There were certain truths in life I could always depend on: Jason Mraz will never record an album that I'll like, brown sugar cinnamon Pop-Tarts are a near-perfect breakfast, and Newbury Street is the epicenter of all Boston shopping. While my steadfast commitment to Pop-Tarts will not be shaken - stop trying to tempt me Toaster Strudel, it's not working - my myopic view of Boston shopping is eroding.
Earlier this week I was sitting in Aimee Lombardi's store, called French + Italian, in Marblehead. It's the kind of boutique that you might stumble across if you got lost on a side street in the Marais district of Paris. The shop is tiny, well-edited, and Lombardi is so happy in her store that she's practically beaming. In a past life, the 34-year-old Lombardi sold medical devices to spinal surgeons. Now she's traveling to France and Italy twice a year to hunt down cute skirts, coats, and lovely cotton blouses from designers that no one else is selling in Massachusetts.
"Newbury Street really feels like it's all chain stores now, and it's losing all of those quaint little boutiques," she says as 1960s French pop idol Johnny Hallyday croons softly from her iPod. "Don't get me wrong. There are still a lot of really great stores there, but I think it's changed a lot in the past eight years. It's too bad, because chain stores are fine for the mall, but I'd rather not see them on Newbury."
French + Italian carries designers such as Anne Willi, Yoshi Kondo, and Noro. I realize that a large percentage of you have never heard of these names, but let me put it this way: When the designers at H&M are creating cheap knockoffs of cute dresses, they're inspired by the work of designers such as Anne Willi. The originals are better made, and while they cost more, they're not the kind of ensembles that require a second mortgage and a strict diet of Ramen noodles until the credit card bill is paid.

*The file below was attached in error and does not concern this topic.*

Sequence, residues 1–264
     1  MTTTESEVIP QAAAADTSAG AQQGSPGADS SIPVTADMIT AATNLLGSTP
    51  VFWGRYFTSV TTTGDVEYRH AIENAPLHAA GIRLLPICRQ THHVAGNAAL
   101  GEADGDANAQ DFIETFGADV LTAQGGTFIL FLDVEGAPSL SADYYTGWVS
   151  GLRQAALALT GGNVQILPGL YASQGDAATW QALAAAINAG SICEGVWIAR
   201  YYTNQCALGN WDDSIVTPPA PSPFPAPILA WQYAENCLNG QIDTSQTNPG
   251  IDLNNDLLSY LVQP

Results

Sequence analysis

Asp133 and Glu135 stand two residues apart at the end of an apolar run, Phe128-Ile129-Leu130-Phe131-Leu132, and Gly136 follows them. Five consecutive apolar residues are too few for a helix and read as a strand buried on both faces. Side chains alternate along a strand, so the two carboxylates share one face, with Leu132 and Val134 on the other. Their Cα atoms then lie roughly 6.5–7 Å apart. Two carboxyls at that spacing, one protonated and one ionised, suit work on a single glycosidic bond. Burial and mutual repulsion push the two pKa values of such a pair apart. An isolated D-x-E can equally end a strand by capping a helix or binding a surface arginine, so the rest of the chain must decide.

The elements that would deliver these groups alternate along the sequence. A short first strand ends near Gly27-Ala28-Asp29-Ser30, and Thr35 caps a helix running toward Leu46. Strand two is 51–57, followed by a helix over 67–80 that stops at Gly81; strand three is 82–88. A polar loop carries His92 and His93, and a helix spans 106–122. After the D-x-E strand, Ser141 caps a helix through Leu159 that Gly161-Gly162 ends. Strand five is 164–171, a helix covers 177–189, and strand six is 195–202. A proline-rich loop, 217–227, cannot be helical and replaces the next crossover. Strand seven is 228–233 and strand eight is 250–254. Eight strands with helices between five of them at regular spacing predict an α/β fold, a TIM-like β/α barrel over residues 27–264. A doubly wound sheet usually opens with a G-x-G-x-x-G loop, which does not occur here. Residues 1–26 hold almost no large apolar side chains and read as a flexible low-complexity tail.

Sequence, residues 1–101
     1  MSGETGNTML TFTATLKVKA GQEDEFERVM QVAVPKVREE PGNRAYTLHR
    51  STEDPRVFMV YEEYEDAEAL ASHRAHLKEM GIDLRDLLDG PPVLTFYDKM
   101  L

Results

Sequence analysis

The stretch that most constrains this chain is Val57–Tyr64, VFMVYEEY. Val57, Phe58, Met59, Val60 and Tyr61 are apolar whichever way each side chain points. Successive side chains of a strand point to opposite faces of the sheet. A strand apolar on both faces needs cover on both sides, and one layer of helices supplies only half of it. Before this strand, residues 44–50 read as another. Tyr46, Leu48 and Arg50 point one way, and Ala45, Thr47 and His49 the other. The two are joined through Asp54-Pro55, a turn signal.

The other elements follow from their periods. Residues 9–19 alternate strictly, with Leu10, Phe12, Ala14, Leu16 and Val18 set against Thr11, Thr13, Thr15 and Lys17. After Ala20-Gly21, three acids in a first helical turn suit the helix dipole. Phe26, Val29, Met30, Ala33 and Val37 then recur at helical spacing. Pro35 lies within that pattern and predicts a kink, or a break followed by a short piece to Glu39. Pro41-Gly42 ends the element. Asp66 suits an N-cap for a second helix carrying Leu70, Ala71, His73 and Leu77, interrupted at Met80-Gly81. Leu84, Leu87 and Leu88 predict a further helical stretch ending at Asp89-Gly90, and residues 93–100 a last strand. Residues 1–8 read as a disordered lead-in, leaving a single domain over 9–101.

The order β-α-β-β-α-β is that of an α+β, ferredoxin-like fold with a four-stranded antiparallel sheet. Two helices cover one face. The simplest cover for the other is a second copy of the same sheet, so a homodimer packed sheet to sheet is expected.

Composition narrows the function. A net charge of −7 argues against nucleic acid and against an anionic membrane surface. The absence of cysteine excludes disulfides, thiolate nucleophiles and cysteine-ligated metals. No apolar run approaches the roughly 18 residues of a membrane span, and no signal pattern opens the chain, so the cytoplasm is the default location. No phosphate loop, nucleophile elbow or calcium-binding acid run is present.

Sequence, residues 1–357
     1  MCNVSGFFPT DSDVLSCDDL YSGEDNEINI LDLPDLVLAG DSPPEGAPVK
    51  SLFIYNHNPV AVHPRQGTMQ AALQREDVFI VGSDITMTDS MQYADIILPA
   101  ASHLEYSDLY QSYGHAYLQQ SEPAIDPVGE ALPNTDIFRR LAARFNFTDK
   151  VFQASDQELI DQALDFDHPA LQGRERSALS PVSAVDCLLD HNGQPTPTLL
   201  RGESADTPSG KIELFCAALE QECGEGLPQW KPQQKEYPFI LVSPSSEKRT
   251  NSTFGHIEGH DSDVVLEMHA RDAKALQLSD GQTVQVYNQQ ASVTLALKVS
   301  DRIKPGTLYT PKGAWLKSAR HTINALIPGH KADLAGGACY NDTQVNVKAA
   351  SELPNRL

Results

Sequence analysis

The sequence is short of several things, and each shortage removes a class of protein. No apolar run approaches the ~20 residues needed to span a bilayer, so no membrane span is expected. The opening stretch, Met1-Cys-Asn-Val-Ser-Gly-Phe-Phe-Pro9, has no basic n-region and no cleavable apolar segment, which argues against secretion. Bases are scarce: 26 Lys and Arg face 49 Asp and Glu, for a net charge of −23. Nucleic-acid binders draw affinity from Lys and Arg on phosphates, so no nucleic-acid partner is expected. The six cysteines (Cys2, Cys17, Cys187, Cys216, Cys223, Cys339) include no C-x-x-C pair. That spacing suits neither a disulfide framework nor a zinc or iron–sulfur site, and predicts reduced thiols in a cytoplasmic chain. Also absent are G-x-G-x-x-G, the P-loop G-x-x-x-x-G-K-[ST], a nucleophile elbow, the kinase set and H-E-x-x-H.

As Lombardi and I are chatting, a striking woman strolls in and starts flipping through the clothes. It turns out that she is Katherine Hunt, an actress with a small part on "Ugly Betty" (she plays one of Betty's Mode coworkers). She buys a tube scarf and informs us that if "Ugly Betty" costume designer Patricia Field gives her OK, we'll see the tube scarf in episode 14 of the show in January. Did I mention that I'm at a store in Marblehead?
On the other end of the sartorial spectrum from Lombardi's subtle, sweet clothing collection is Gia Ventola, a Peabody store that opened this fall with an entirely different aesthetic, but a very similar mission: Ventola wants to introduce Boston, well, the Boston area, to new designers. The store shares its name with owner Gia Ventola, who's best known for designing stage ensembles for Britney Spears and Beyoncé, plus creating her own line of denim that is sold in Japan, and now in Peabody.
"I'm trying to bring in a lot of underground designers that you wouldn't necessarily find on Newbury Street," she says. "I'd say 60 percent of my customers are international, so the fashion that I'm carrying is also international. I have lines from Belgium, Sweden, England, and I'm bringing in a great basics line from Germany."
Her goal is to build the store into a mini-department store, a sort-of
"I think people realize that they can find fashion outside of Newbury Street," Ventola says, shooting me a glance that clearly means she can see my doubts. Or maybe I still had Pop-Tart crumbs at the corner of my mouth. "It's not like it used to be. I go to Fashion Week, and people say 'Boston is so conservative.' It's really not. People here are adventurous. They'll travel for fashion. They'll even travel to Peabody."
Christopher Muther can be reached at firstname.lastname@example.org.